Solano Real Estate Scene: Review the over-under of insurance products
The insurance business is like the mortgage industry in one way: People need insurance and need mortgages, but no one loves buying these financial products. Everyone wants to protect their family and their assets, but nobody loves spending a ton of money on medical, life, property and liability insurance.
Very few people have trouble sleeping because of the adrenaline and excitement of an appointment the next morning with their insurance broker to purchase insurance. Hardly anyone likes thinking and talking about death insurance, which is what it could be called if the insurance industry were not super smart about marketing and selling insurance.
I love the hilarious Gecko and Flo TV commercials but few of us giggle and laugh about, in some cases, the enormous insurance premiums we pay to protect our family and assets.
It is possible to be overinsured. A car, for example, that is worthless and a year away from the junkyard probably does not need to have collision and comprehensive. Yes, liability is required by law and if you think about it, you may want to have more than the minimum required by law because when the bumper falls off while driving 65 mph, someone could get hurt and it would be your fault.
Mortgage companies want you to have enough dwelling coverage to replace the home and occasionally require the insurance company to issue something called a “dwelling reconstruction cost estimate” but can only legally require the homeowner to have enough insurance to pay off the mortgage.
I had my life, fire and casualty insurance licenses back in the 1980s and I stayed at the Holiday Inn a couple of times, but please call your local insurance broker for advice on insurance coverage.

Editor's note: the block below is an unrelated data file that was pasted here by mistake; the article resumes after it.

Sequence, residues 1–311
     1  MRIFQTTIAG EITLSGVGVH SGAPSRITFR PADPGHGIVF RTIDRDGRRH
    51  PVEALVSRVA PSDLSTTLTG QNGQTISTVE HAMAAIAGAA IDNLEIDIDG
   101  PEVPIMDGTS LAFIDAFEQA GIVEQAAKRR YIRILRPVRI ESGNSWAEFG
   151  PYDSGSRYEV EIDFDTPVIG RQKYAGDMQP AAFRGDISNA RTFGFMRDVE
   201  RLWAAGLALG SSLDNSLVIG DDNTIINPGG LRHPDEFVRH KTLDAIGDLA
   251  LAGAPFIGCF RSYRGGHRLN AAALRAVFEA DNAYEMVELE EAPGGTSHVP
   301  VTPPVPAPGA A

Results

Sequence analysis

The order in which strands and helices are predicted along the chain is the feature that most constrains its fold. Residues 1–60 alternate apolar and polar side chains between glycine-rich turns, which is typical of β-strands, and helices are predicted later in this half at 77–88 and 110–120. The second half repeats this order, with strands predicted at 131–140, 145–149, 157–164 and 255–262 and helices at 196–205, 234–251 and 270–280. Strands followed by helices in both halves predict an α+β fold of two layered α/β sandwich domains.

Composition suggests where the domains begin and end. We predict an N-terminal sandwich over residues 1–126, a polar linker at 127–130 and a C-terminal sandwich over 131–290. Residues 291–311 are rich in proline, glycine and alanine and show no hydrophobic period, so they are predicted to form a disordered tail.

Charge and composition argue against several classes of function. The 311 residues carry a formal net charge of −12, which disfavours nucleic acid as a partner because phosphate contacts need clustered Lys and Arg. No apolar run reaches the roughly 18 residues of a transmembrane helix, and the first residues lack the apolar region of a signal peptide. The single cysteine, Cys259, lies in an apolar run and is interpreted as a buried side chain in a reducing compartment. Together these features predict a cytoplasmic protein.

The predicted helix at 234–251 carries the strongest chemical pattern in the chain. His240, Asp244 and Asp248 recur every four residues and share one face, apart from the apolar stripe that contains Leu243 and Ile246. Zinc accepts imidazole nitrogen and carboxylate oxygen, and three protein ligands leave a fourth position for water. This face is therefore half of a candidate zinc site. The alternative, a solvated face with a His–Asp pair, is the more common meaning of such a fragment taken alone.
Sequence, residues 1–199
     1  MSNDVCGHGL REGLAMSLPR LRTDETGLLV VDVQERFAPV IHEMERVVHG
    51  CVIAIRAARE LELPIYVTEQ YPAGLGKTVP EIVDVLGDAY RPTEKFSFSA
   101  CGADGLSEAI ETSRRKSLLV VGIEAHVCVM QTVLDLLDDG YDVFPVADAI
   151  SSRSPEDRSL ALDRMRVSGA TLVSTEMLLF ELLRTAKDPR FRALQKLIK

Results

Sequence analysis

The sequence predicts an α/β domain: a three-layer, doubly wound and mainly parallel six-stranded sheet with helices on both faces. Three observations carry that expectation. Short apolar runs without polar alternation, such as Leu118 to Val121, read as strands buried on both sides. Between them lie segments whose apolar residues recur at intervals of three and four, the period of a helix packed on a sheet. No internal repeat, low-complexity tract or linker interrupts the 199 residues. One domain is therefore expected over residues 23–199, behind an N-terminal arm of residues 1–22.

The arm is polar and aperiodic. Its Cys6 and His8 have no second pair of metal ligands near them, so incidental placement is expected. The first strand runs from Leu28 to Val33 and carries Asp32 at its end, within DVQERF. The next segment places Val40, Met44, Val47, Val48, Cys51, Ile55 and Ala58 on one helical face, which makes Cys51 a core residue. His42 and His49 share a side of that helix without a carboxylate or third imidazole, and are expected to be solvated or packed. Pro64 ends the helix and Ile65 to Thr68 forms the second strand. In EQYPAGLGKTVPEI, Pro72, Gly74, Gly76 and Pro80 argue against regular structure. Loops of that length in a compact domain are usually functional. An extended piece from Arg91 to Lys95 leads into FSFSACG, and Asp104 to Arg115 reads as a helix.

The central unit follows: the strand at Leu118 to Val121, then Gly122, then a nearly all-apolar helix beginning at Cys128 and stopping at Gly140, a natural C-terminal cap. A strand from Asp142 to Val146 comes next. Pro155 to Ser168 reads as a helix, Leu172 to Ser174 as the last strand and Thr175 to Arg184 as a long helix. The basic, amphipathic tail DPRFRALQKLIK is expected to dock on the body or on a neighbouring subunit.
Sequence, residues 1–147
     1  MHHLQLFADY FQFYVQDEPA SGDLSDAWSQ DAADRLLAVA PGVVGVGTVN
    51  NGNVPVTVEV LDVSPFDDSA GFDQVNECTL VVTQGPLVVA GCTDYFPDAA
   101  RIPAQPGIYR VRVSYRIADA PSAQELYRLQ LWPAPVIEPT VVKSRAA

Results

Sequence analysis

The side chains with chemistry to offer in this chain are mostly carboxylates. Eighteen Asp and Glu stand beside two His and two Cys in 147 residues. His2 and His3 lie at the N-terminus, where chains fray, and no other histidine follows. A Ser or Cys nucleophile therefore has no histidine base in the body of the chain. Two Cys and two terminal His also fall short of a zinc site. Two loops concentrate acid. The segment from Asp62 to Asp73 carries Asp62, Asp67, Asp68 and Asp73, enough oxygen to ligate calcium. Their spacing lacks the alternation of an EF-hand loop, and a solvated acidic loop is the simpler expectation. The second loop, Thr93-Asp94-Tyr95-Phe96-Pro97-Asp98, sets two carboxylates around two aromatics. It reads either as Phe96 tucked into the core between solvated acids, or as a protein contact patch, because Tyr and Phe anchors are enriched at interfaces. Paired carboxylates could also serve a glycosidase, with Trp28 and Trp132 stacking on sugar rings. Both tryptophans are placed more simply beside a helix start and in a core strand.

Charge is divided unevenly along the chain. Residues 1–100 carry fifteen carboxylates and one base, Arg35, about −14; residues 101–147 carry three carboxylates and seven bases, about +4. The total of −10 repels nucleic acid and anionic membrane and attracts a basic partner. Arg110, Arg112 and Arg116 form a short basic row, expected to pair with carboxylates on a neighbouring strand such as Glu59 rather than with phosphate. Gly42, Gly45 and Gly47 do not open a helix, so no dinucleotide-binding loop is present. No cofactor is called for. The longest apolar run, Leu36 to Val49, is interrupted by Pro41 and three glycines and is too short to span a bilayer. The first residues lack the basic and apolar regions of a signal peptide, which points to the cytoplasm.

Several awesome Vacaville families were underinsured in the past nine months when their homes were burned to the ground and all these folks I am talking about have high FICO score, are financially sharp and are strong homeowners. They all thought they were properly insured, and one owned their home free and clear.
One of the folks is $250,000 short and the others between $100,000 and $200,000 shy of what is needed to rebuild exactly what they had before, and in one case even after they cut corners and are putting in inferior cabinets and flooring.
I am pretty sure I am underinsured on a couple of my homes, too, but I have procrastinated on calling my broker because like many of you, I do not love talking about insurance. The cost of lumber is three to four times as expensive as it was two years ago, and labor and other materials costs are up, too, from just three or four years ago when the cost to build was around $250 per square foot and now is $350.
CYA = Cover your assets.